Many of you are wondering why in South Korea a person is older than you if they were born the same year as you. Well, I will try to explain this as clear as possible.
Age in Korea is very important. Often the first question that people ask is ‘How old are you?’ Age is important not just for things like whether you are old enough to buy cigarettes and alcohol, but for a whole variety of social interactions in Korea.
People use a different language when speaking to people of a different age. They expect people to act differently, with younger people expected to pour drinks, or older people expected to pay for things. Even the way you refer to your friends is based on their age; if they are a year older than you, they might be your noona or eonni, if they are younger, they will be your dongsaeng.
People in most countries calculate their age based on their birthday. If you were born on April 1st 2000, then you would turn a year old on April 1st 2001. However, in Korea, age isn’t calculated based on your birthday.
In South Korea when you are born you are 1 years old this is because they take into consideration all the months you where in your mothers womb. Then you will gain another year or two on New Years Day ( January 1st). No matter when your birthday is, if you were 20 years old on December 31st, then on January 1st, you will be 21. Korean age works as if everybody was born on January 1st.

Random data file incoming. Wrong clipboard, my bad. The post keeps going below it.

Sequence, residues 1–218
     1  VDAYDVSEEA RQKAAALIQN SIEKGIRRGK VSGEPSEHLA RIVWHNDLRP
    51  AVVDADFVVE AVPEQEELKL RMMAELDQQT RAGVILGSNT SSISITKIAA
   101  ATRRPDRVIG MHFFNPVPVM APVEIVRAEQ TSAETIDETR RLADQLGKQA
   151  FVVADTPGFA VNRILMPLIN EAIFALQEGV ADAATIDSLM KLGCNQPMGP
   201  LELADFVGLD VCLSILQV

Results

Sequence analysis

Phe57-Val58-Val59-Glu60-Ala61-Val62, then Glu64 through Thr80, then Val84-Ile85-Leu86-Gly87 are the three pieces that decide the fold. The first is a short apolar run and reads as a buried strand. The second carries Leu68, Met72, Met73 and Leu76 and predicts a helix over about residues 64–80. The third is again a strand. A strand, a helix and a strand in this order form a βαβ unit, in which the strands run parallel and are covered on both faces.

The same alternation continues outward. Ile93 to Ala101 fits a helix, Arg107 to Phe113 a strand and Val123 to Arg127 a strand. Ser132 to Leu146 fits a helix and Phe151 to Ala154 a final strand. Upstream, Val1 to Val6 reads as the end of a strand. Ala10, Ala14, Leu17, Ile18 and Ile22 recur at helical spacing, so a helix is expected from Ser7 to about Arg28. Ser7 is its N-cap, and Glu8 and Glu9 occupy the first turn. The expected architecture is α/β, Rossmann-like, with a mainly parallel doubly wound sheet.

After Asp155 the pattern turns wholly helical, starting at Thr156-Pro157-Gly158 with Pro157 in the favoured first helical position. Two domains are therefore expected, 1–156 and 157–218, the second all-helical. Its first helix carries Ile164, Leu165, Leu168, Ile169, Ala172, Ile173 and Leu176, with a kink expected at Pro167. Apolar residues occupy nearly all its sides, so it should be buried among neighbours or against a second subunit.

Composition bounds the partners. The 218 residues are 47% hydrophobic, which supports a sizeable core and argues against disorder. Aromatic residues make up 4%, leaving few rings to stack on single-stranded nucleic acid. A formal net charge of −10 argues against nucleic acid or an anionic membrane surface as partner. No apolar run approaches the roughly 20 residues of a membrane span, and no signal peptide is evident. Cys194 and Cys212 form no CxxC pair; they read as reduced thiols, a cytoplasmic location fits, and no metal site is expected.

It’s really simple to find your Korean age. Since Koreans gain 1 year on New Year’s Day, you only need to know your birth year to find your age. Take the current year (2017) and subtract the year you were born (1997, for example). This will give us 20. Then, remember to add 1 because a Korean baby is 1 year old at birth. Now we have 21. A person who is 20 in America can be 21 or 22 in Korea.
There you have it when ever you go to Korea instead of slowing down the clock you speed it up and see your age flash before your eyes.
What do you think of this age system?